When the details of this study came to light, a Presidential Commission determined that the Guatemala Study was funded and conducted by the United States Government. In 2010, the President of the United States, the Secretary of State and the Secretary of Health and Human Services apologized to all affected. In 2012, a federal district court concluded that the pleas of victims for relief are more appropriately directed to the political branches of the federal government.
Today, attorneys representing Guatemalan plaintiffs announced that they are suing The Johns Hopkins University and Johns Hopkins Health System, alleging that Johns Hopkins was responsible for the study. The plaintiffs’ essential claim in this case is that prominent Johns Hopkins faculty members’ participation on a government committee that reviewed funding applications was tantamount to conducting the research itself, and therefore that Johns Hopkins should be held liable.
Neither assertion is true.
This was not a Johns Hopkins study. Johns Hopkins did not initiate, pay for, direct or conduct the study in Guatemala. Participation in the review of government research was then and is today separate from being a Johns Hopkins employee, and no nonprofit university or hospital has ever been held liable for a study conducted by the U.S. Government.
As a leading global research university, Johns Hopkins values rigorous and open scrutiny of history, even when it is complex and uncomfortable.
We know that historians have previously linked prominent Johns Hopkins faculty members in various ways to other unethical government research studies in Tuskegee and Terre Haute. Although separate from the Guatemala lawsuit, these studies were all deplorable and all demand reflection upon the broader legacy of unethical research. It is important to confront and learn from the past. At the same time, we cannot let unfounded allegations go unchallenged. We will defend the institution vigorously in court against legal responsibility for the government’s Guatemala study.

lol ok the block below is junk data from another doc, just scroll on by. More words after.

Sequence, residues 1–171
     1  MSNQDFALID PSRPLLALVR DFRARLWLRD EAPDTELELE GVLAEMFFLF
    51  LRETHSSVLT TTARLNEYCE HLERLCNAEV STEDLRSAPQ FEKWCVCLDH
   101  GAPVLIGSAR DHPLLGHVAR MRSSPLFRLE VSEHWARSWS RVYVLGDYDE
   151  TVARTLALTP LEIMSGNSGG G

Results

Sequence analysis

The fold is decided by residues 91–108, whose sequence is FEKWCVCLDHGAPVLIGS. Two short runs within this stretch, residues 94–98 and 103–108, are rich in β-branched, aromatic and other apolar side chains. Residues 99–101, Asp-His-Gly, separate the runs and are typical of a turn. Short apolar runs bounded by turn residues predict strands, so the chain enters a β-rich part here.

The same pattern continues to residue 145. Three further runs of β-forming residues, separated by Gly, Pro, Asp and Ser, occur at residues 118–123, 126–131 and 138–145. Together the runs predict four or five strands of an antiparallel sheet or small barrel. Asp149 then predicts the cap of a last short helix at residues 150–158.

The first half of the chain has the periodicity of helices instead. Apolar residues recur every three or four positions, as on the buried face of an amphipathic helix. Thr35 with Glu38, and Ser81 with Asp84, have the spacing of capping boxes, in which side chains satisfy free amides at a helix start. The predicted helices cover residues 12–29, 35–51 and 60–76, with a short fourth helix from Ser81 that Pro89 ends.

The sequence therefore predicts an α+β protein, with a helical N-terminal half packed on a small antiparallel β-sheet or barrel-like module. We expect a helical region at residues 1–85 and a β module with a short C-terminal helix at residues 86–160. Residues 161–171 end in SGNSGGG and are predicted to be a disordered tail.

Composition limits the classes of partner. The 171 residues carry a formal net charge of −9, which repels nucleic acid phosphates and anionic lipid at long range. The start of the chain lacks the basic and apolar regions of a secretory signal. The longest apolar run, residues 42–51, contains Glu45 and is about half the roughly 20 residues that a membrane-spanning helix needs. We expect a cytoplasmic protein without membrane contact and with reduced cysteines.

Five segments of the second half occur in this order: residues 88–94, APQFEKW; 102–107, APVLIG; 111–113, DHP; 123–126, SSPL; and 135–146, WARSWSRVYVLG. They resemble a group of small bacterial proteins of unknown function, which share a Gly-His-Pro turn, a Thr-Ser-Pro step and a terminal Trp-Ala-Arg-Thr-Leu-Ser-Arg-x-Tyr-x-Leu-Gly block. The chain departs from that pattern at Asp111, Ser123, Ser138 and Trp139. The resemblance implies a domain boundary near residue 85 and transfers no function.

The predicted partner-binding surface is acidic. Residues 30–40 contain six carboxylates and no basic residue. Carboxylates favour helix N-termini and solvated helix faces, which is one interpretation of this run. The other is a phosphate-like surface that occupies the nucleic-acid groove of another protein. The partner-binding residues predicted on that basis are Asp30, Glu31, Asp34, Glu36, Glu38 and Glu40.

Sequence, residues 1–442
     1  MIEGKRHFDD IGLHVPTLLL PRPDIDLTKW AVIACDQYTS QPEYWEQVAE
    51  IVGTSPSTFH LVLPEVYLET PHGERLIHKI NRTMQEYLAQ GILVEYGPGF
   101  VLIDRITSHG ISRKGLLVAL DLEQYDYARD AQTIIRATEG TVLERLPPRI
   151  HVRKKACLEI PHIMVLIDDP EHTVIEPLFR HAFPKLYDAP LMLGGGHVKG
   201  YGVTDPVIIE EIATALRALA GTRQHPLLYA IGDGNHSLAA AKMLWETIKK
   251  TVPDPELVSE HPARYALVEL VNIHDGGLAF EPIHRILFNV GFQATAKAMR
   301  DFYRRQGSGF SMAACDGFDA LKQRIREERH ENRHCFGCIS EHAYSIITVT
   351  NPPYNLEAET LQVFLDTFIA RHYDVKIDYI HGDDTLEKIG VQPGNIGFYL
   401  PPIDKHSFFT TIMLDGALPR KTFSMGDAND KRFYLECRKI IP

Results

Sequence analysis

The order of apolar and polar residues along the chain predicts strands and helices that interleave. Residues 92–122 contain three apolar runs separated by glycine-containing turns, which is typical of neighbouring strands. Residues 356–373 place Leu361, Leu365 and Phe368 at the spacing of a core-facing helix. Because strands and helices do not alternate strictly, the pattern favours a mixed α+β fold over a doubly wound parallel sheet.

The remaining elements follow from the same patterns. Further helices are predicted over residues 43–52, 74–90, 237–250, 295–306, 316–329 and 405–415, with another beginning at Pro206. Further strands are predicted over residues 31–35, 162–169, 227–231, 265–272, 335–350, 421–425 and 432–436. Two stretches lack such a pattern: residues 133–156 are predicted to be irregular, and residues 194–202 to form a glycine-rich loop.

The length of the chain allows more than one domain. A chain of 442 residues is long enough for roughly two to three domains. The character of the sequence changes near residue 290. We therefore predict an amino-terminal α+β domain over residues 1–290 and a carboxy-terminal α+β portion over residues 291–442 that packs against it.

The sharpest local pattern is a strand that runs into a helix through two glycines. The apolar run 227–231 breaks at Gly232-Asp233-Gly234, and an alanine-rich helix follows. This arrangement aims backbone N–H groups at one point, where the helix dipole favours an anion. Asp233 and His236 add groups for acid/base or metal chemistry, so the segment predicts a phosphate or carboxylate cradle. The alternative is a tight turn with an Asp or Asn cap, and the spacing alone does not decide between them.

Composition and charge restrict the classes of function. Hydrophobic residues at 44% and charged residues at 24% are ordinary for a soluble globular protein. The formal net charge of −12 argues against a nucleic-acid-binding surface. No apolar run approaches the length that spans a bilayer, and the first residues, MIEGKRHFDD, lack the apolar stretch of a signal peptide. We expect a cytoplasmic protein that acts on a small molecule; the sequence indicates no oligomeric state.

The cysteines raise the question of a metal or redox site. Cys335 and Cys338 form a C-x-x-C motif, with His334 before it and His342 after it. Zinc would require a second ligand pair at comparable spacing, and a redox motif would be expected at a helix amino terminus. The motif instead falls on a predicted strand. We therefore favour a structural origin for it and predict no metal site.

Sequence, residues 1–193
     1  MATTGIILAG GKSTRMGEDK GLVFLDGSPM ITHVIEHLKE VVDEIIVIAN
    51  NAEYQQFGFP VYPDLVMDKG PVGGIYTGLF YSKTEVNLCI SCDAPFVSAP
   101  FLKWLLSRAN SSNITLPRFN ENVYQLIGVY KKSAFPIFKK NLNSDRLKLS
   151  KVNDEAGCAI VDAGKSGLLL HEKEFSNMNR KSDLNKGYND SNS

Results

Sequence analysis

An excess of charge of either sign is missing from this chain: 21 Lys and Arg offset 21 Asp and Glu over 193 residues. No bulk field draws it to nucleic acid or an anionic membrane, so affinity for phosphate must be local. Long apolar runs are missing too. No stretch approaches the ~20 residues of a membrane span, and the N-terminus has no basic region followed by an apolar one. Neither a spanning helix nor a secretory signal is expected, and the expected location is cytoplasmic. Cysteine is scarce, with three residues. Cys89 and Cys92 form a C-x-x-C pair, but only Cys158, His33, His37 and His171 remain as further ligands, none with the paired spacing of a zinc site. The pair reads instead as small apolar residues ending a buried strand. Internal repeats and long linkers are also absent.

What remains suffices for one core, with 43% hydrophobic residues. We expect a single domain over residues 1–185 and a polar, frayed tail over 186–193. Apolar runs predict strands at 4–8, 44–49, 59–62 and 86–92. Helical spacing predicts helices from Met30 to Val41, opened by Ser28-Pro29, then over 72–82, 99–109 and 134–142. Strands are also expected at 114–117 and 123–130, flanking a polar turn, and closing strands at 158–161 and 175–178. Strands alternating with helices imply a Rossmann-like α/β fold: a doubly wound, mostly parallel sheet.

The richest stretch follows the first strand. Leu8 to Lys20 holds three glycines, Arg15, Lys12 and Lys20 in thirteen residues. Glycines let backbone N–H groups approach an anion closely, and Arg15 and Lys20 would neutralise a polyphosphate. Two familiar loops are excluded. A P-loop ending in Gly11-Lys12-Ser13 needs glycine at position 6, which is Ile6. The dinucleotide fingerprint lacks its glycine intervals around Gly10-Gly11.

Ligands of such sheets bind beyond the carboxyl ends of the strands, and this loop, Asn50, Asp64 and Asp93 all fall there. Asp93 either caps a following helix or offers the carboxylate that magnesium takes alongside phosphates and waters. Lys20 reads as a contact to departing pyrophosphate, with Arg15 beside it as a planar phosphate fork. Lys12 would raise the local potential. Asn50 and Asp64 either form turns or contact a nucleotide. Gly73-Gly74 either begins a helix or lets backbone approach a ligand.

If you would like more information about the university’s position on the lawsuit, we have released a media statement that you can find here, along with information about the Presidential Commission on the research in Guatemala and its findings.
Ronald J. Daniels
President, The Johns Hopkins University
Paul B. Rothman, M.D.
Dean of the Medical Faculty
CEO, Johns Hopkins Medicine
Michael J. Klag, M.D., M.P.H. Dean, The Johns Hopkins Bloomberg School of Public Health
- To trained parents of children with visual impairments, coaches, Physical Education teachers and future teachers on how to include children with visual impairments in recreational physical activities and sports.
- To implement an inclusive recreation/sport program for children with visual impairments where people in #1 will practice all the strategies and tools learned in their training.
We chose this population because Guatemala has the highest incidence of visual impairments in youths under 15 years old (40.77%) according to Vision 20/20 (http://www.v2020la.org/Joomla/publicaciones/manuales). This is a significant amount of children with this type of disability. Therefore we would like to help this children through the opportunity to be more physically active and more healthy. In order for us to complete the grant (and get it) we need some important links with Guatemala to implement the project. We would like to know if you want to help us find and create these links in order to make this project a reality. Thanks for your time and hope to hear from you pretty soon,
Thomas A. Offit Ph.D.
Department of Anthropology